Gail Schulze: contentment in chaos, and from tackling new challenges

As this crazy year comes to a close, I find myself enjoying the little things way more than normal.  This includes the holidays and my zany and large and all-around family.  Yep, I am the matriarch and almost ready for Medicare, and am treasuring both.  Next year I intend to keep giving back but more actively to the Democratic and progressive issues I care about. I also want to add a more hands-on element to my giving – just approved as mentor to two undocumented Latino high school seniors. Finally plan to keep enjoying my renegade son as he progresses his dream to medical school and neurosurgery.

 

Donna Allen: happiness from sharing holiday bounty

Dinner parties are our favorite way of celebrating the end of year holidays with friends.  I love setting the table and decorating our home and preparing delicious meals.  In the midst of all of this, however, we also remember those who are not as fortunate as we are, by offering food and financial support to our area food banks so that others can have full stomachs and festive times, too.

 

Laura Power: the thrill of hope

When it gets to be Thanksgiving time, and I start fiddling with the car radio to find Christmas music, I think of Mr. Naretto. A lot of people I grew up with knew of him because he owned an automobile dealership. Back in the 1960s, in western Pennsylvania, that made him a little bit of a celebrity.

My sisters and I admired him, not for his buicks and chevrolets, but for his voice, a rich and mesmerizing tenor. Its range and timbre were singularly perfect for ‘O Holy Night.’ When he sang that carol every year at our church’s Christmas Eve service, all five Power girls sat still and rapt in their seats, ears and eyes just on Mr. Naretto.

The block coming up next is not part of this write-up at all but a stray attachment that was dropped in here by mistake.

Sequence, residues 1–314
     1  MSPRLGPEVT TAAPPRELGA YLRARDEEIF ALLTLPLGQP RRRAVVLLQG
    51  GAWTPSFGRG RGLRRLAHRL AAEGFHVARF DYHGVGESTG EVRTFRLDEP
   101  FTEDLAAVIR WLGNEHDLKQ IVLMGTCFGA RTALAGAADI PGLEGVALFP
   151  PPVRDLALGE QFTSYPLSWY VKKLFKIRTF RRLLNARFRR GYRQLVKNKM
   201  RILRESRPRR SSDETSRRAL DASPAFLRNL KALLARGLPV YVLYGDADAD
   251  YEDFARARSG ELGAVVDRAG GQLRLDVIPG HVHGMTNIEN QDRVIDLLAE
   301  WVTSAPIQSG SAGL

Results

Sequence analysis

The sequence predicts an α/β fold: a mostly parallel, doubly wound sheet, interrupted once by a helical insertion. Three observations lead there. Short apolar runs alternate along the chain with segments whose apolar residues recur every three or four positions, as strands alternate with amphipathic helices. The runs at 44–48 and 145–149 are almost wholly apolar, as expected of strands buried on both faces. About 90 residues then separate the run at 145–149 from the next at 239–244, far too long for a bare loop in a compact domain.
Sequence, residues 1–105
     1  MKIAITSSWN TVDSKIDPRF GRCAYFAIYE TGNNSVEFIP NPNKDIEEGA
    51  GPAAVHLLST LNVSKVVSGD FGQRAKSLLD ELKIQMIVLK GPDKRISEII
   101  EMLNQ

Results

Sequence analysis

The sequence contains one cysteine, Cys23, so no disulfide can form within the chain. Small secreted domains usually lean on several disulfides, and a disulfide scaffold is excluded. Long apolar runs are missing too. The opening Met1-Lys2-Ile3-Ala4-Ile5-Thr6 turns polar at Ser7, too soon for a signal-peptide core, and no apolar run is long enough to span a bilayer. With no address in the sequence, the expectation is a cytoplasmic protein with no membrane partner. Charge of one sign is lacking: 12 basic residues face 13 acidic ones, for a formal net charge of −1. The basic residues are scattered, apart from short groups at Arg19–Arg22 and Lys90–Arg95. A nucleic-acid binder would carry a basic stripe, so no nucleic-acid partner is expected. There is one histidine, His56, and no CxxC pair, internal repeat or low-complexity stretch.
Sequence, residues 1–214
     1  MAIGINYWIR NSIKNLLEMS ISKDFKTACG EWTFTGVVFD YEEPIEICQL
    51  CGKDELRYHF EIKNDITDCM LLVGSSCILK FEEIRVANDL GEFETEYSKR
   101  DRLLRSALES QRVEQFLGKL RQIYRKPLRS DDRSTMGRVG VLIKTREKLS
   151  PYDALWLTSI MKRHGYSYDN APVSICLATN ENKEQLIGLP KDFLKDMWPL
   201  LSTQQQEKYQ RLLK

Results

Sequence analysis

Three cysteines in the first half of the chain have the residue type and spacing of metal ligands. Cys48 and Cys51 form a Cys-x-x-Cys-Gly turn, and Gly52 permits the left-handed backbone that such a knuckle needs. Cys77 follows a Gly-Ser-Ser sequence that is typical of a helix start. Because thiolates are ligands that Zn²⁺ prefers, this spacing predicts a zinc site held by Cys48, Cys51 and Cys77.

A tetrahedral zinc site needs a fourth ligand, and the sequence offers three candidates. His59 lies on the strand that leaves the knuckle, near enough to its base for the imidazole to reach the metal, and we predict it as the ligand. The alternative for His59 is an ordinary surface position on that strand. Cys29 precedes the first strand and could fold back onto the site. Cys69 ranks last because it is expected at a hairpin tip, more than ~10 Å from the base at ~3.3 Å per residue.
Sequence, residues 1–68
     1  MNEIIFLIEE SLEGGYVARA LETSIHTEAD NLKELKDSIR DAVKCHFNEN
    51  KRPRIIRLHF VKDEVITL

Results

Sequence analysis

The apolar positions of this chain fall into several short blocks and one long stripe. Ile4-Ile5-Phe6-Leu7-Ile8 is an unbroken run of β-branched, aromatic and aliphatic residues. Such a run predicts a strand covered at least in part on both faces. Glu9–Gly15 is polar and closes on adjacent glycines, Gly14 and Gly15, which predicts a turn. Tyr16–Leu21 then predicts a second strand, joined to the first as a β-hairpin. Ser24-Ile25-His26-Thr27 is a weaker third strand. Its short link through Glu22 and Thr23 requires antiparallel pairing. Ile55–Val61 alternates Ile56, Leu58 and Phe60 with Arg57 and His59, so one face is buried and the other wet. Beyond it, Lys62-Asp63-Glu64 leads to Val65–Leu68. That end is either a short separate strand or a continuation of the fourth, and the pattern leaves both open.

I was a shy little girl, and my regard for Mr. Naretto never found form in an actual exchange of words.   I was too reticent to even say ‘hello.’ But as an adult I’ve thought of him often, and of the lessons that his once-a-year ‘O Holy Night’ left for me.

On the not infrequent occasions when I’m a bit impatient or snappish, I remember from Mr. Naretto that people we don’t necessarily notice do see us, and observe and internalize our examples. Perhaps, I remind myself, a seemingly meaningless incident has a lasting impact on a young and impressionable psyche.

The other thing I learned from Mr. Naretto was, literally, the words to ‘O Holy Night.’ I’m particularly fond of the fifth and sixth lines: “a thrill of hope, the weary world rejoices, for yonder breaks a new and glorious morn.” I love those lines, and the idea of giving the gift of hope. And it’s that idea, too, that I love in Project Redwood; that through our modest donations and projects we bring the “thrill of hope” to many who wouldn’t otherwise experience it.